- The use of Track Eligibility coupled with existing STARS (Standard Terminal Automation Replacement Systems) tracking algorithms was able to eliminate false targets even during significant wind activity over the WRA.
- The working groups charged with evaluating the impacts of the three proposed projects targeted at construction and operation in the WRA completed an exhaustive review. This study was focused on mission requirements of Travis AFB and the safety of the airspace above and adjacent to the WRA. The results of this study are that there should be no significant impact due to the construction and operation of these projects. All minor impacts are manageable and fall within the expected levels of safety and risk for the airspace being evaluated. Worst case predicted radar impacts fall within the informal standard for operational efficiency of air- traffic-control radars in both the US Air Force and the FAA.”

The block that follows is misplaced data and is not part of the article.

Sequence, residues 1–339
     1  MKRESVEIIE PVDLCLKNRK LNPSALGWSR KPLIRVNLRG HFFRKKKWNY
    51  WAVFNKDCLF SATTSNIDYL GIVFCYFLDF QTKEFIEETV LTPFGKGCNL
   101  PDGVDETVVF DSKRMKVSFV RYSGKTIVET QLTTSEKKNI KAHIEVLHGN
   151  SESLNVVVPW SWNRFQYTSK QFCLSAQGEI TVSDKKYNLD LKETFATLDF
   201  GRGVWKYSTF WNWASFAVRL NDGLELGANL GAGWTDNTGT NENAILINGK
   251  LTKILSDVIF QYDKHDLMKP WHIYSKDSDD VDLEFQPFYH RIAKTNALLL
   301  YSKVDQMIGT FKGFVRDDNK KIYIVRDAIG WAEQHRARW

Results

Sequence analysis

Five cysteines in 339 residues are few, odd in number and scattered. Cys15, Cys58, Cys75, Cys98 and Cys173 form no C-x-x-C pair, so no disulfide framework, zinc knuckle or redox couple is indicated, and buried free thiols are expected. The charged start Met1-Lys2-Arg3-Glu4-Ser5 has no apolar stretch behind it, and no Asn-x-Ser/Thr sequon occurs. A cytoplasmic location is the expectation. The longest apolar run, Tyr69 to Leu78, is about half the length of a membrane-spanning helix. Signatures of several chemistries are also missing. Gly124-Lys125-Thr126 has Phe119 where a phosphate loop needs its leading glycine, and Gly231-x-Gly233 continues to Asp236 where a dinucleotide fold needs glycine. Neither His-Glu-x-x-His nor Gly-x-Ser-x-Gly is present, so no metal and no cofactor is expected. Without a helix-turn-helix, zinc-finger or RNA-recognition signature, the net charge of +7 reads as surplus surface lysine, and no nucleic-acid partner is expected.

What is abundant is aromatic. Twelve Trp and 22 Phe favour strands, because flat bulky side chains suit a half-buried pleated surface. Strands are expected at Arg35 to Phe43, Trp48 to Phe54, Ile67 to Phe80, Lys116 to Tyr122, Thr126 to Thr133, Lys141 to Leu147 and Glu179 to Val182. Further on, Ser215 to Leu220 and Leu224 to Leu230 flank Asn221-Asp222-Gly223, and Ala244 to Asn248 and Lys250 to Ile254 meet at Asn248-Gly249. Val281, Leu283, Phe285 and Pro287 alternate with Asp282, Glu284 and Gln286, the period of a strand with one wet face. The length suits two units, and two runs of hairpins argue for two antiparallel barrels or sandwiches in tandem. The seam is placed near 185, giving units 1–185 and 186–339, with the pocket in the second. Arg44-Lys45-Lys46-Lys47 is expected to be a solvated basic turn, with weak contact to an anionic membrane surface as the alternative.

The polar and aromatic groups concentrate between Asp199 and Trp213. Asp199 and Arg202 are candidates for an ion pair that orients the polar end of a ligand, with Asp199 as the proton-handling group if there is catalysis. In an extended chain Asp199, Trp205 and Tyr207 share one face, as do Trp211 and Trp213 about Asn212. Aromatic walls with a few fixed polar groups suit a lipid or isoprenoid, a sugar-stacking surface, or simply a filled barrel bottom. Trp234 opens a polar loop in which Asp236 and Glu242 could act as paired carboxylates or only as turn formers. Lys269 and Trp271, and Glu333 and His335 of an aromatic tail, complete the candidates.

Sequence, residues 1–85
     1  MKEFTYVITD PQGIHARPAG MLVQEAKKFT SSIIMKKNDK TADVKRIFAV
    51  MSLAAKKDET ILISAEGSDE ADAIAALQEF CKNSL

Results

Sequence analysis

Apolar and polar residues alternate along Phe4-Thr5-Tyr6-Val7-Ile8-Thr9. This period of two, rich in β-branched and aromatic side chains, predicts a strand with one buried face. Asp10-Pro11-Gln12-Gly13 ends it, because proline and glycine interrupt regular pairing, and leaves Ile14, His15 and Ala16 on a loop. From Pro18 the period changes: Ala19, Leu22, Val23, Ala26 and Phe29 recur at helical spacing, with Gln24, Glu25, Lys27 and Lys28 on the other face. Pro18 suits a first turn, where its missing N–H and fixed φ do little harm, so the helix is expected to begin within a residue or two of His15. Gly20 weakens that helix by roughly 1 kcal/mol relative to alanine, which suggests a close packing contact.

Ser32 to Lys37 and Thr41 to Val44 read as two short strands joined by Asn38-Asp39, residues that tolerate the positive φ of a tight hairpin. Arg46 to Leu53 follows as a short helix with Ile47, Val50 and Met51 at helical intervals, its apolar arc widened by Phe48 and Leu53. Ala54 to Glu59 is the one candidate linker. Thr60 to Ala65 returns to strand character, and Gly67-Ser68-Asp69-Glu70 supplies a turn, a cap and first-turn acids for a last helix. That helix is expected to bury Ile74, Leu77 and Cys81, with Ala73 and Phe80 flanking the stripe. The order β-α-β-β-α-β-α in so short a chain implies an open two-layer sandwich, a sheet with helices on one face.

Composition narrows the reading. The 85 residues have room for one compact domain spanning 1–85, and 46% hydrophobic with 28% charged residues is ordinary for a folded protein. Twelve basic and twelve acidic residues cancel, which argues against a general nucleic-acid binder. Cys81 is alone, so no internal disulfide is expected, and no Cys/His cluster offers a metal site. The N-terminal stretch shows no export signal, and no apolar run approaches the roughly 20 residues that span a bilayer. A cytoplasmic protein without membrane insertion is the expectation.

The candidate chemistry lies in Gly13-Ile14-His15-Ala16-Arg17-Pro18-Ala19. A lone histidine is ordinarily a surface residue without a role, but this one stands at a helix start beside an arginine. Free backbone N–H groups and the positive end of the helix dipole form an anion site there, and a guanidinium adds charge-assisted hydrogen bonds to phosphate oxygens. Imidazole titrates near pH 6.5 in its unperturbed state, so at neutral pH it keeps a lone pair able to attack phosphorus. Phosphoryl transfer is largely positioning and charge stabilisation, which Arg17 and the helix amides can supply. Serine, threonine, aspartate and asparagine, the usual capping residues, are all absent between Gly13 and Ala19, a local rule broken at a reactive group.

Leaders from the 60th Air Mobility Wing, 60th Operations Group and 60th Operation Support Squadron met with members of the Federal Aviation Administration and C-Speed, a product development and engineering services company, at Travis Air Force Base on March 6, 2015, to discuss the progress of the new Cooperative Research and Development Agreement (CRADA) established in 2014 and initiated on January 15, 2015, to test the gap-filler, Light-Wave Radar System (LWRS). The system operates at a different frequency range than the current Digital Airport Surveillance Radar with a goal of being able to distinguish wind turbines from aircraft using a system that can fill in the gaps to pinpoint the difference.